The initial purchase price, is relatively cheap as far as stoves go making this one of the cheapest options on the market but this is counter balanced by the  expensive fuel use. While I’m sure that people can and do use these stoves I have never seen anyone on trail using them in the past 8 years

So why then would you use this stove? In my case it’s an easy option and extremely lightweight for short adventures but take this past a day or two in length then I will opt for my gas stoves without any thought.  In all honesty unless you are a bit of a ‘retro hiker’ that likes to hark back to ‘days gone by’ then this wouldn’t be a stove that I would recommend.

NOTE: Esbit produces a liquid fuel burner similar to that used by Trangia and in doing so you change the whole dynamic of this stove unit and if your are key to purchase this unit then that would be my suggested fuel source.

We Like

  • Cheap to purchase the initial ‘stove’. This unit is under $50 (plus the pot price)
  • The fuel tablets have an indefinite shelf life if stored correctly
  • Relatively windproof for a solid fuel stove
  • Easy to manage on the trail, almost fool proof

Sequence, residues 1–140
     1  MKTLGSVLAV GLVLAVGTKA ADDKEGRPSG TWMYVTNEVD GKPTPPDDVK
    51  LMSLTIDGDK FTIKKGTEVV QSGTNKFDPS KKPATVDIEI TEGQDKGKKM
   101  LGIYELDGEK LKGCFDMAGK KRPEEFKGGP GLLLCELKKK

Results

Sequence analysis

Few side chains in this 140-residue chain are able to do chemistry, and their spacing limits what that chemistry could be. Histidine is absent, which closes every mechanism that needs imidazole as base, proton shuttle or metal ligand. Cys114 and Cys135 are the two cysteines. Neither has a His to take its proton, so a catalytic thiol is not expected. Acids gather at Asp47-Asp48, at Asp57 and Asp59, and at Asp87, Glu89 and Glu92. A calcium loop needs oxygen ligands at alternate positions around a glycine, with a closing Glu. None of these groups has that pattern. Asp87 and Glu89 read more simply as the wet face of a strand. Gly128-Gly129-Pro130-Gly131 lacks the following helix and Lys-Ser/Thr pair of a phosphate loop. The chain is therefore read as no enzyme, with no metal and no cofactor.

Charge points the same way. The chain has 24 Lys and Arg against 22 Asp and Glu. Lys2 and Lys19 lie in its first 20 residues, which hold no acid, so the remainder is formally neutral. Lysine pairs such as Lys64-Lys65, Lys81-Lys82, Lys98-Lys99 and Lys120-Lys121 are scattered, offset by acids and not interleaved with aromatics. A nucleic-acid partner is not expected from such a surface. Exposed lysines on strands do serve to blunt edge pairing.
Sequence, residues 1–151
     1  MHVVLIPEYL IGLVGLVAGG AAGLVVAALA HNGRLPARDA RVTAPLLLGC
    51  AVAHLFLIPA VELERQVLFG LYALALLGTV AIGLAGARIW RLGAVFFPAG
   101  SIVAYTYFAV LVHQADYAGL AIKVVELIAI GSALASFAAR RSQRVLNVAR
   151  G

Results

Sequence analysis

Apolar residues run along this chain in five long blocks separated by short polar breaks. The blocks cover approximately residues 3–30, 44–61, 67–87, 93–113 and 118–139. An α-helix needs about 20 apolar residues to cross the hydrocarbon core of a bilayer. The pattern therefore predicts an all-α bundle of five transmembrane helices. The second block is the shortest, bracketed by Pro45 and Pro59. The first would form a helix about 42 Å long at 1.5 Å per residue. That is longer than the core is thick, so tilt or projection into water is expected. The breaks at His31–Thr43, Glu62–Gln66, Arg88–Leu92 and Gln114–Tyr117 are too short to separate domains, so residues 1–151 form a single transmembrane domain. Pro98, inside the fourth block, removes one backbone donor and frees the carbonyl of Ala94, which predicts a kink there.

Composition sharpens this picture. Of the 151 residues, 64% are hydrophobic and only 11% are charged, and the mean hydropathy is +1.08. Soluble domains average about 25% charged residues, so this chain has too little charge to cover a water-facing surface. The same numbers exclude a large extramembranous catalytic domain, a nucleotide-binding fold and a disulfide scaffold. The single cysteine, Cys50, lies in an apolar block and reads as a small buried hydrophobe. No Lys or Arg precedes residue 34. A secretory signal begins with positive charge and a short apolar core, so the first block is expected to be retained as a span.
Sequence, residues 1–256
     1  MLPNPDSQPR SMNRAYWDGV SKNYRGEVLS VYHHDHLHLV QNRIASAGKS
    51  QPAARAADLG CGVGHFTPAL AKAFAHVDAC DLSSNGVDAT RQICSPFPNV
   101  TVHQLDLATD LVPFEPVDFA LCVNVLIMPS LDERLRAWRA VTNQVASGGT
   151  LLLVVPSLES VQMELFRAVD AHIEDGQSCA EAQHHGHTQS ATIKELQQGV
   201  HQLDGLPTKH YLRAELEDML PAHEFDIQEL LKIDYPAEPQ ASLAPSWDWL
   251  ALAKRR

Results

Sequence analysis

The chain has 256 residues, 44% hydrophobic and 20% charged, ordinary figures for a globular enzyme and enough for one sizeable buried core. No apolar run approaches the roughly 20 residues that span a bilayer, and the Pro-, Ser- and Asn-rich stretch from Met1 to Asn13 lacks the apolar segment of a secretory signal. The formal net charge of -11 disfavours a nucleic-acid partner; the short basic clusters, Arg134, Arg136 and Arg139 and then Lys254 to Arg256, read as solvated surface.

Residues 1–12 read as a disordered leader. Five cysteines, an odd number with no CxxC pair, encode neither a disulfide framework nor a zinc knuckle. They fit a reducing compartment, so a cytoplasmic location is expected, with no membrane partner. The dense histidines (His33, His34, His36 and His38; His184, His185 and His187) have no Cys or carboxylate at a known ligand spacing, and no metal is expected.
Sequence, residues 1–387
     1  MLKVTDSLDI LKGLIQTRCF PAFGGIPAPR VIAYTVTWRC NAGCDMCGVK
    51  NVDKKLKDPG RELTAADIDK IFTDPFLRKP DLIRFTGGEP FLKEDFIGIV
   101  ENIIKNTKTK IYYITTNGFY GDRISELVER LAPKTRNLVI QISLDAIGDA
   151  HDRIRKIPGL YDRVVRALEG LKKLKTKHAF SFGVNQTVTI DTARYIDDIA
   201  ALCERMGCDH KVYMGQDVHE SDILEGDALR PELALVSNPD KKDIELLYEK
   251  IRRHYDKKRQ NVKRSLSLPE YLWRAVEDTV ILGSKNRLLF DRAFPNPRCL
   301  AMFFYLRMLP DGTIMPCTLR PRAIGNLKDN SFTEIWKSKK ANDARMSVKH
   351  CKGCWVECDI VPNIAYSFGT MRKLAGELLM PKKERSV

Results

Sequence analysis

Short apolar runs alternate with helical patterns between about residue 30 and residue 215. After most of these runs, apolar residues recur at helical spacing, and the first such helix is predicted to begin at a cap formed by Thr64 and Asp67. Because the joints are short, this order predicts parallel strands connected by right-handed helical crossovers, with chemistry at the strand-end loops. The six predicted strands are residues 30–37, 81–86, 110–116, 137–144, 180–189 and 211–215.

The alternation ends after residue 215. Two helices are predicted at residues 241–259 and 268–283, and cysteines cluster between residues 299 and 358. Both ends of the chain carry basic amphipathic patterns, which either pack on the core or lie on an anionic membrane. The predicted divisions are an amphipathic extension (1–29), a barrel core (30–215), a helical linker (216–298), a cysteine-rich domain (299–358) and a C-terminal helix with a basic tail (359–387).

• Physically small and lightweight with the ‘stove’ and my pot choice (excluding fuel) weighing in at 187 grams. Fuel weight will be pretty minimal even for a extended trip
  • This stove unit can also be used in conjunction with the Esbit alcohol burner if you don’t want to use hexamine fuel. Doing so will change the whole stove dynamic
  • Can be used with the Esbit Liquid fuel burner if you don’t want to use the more expensive Hexamine fuel

We Don't Like

  • Mainly for heating up water for rehydrating but not so great for cooking
  • Can be a health hazard in an enclosed environment however this is an issue with any stove fuel
  • The fuel smell can be off-putting but is not noticeable in ventilated areas
  • Leaves a residue on the pot and stove unit so you need to store both in a bag to ensure you don’t transfer this residue to the rest of your equipment